In which we take a short turn through the school stories of Frederic W. Farrar (1831-1903), clergyman, botanist, educator, to see how a little Latin can be a very dangerous thing . . .
In my other life as a Victorianist, I became fascinated by the work of Frederic W. Farrar (1931-1903) . Farrar was an educator, a scholar, a writer, and a clergyman, who taught for some years, and along the way became a Chaplain to Queen Victoria.
Eric, or: Little by Little, a cautionary tale of school life
But he may have been best known to everyday Victorians as the author of Eric, or Little by Little (1858), a keenly-felt cautionary tale of injustice and miseducation at a private school on the Isle of Man. Eric, became one of the best selling children’s books of the mid-nineteenth century, and whose reputation lingered long into the twentieth
The British education system was in flux at the time Farrar wrote Eric. Public schools (where traditionally the upper-middle classes, gentry and aristocracy sent their suns) were joined by an outcropping of private schools, built to cater to the sons of the expanding middle class. The education in all of these schools could be patchy: cheating, bullying, corporal punishment, all were rife. From 1861 to 1864, the Clarendon Commission was established to look into the situation (the reports are a fascinating insight into nineteenth-century education). Nineteenth-century school stories are full of tales of woe, often connected to the Latin classroom. Latin was the subject most people had to study, whether they liked it or not, whether they had aptitude for it or not, and many did not.
Cribbing and Cheating
If you wanted to cheat at your Latin, you could buy a ‘crib,’ which was a facing-page translation, from which you could crib, or steal the meaning of your text. School stories often make mention of boys caught cribbing. Some of them are bad boys, who are characterologically inclined to cheating. Some of them are good boys, constitutionally unable to deal with the approach to learning Latin, who resort to contraband to get by.
Farrar is both disapproving of and sympathetic to these boys. Obviously cheating is wrong. But he also believes that the system was creating the need to cheat.
The eponymous Eric doesn’t need to cheat: he’s bright enough to manage his translations on his own. But a misunderstanding with a hot-tempered teacher means that he is suspected of cheating, and his own hot temper, pride, and misplaced (in Farrar’s view) loyalty to his fellow students, mean that he doesn’t point to the real culprit. Things go from bad to worse for Eric, who ends up running away, taking work on a boat, and dying from overwork and ill treatment. A cautionary tale indeed, and a fascinating book.
Peeking at exams in Julian Home: a Tale of College Life.
Farrar followed Eric with Julian Home: a Tale of College Life (1860). Here, an honourable boy, Julian, the type of scholarly student one dreams of teaching, or of being, copes with the snob factor in his life as a scholarship student at ‘Camford,’ a thinly described Oxbridge university. His friend Kennedy, brilliant but nervy, lacks Julian’s manly stamina, and gets caught up in cheating. He reads the exam questions that his tutor has left lying on his desk, and is then blackmailed by another student who has witnessed him. The anxiety and guilt lead him to the brink of suicide, before the ghost of his dead mother knocks the gun out of his hand. Melodramatic, perhaps, but reflective of the real stresses of education, where there was often much at stake.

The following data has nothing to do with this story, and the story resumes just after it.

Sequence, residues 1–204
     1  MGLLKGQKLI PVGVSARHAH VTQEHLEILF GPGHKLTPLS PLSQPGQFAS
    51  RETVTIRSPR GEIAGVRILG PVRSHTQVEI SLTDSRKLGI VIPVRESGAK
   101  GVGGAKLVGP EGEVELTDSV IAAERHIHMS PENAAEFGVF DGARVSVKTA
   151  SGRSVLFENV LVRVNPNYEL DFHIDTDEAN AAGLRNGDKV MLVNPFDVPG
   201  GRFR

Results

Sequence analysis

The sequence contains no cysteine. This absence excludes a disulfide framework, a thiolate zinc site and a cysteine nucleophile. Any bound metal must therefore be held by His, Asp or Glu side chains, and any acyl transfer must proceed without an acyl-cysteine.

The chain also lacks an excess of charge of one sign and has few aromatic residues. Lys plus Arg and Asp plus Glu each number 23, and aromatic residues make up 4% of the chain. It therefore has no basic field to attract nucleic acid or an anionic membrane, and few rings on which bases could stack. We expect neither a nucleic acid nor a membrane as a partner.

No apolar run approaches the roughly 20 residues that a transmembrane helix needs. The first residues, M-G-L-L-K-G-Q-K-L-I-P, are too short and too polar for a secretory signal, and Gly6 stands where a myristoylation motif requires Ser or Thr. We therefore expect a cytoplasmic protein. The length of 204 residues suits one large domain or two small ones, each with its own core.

That heathenish language . . . the death of Dubbs in St Winifred’s or, The World of School
St Winifred, or the World of School (1861) is my favourite of the three. Here, we meet Walter Evson, an intelligent boy who has been home schooled, and has a wide range of knowledge of the natural world that his school life at St Winifred’s does not foster. He becomes resentful at the stringencies of rote-learning, and, clashing with his teacher, commits the unforgiveable sin of burning the manuscript of this teacher’s scholarly book.
Through Walter, Farrar shows the perils of a one-size fits all education: Walter, an intelligent student is cramped by the education on offer. His friend, Johnny Daubenay, aka ‘Dubbs,’ is not so lucky. Dubbs does not have the ability to memorize his Latin, and ends up hopelessly behind, with each day’s failed homework mounting up and causing disaster for the morrow.
Following a walk up a nearby mountain, during which the boys are caught in a sudden storm, Dubbs catches a fever. And as he lies on his sickbed, he deliriously tries to memorize his Horace.
the poor boy fancied himself sitting under the gas-lamp in the passage as he had so often done, and trying to master one of his repetition lessons, repeating the lines fast to himself as he used to do—
“Hac arte Pollux et vagus Hercules,
Enisus—enisus arces—enisus arces attigit igneas,
Quos inter Augustus—
“How does it go on?—[i]
Dubbs’s nurse tries in vain to make him stop ‘a-repeating that there heathenish Latin.’ But Dubbs lies there, ‘still humming fragments of Horace lines, sometimes with eager concentration, and then with pauses at parts where his memory failed, at which he would grow distressed and anxious’. (250). Eventually Dubbs dies, a tragic casualty of a flawed education system that has fatally weakened his constitution, and turned his mind.
Latin is a language, dead as dead can be . . .
Farrar’s works were known for their ‘lachrymose’ qualities. They are a sub-genre of Evangelical Victorian novels for young readers, part of a tradition in which writers preached the good word; they are also novels of ideas: in this case ideas about the education system: about how Latin should be taught, to whom it should be taught, and about what happens when it goes horribly wrong.
— Elizabeth Hale
[i] Frederic W. Farrar, St Winifred’s or the World of School. London: Ward, Lock & Co., 1920. 250.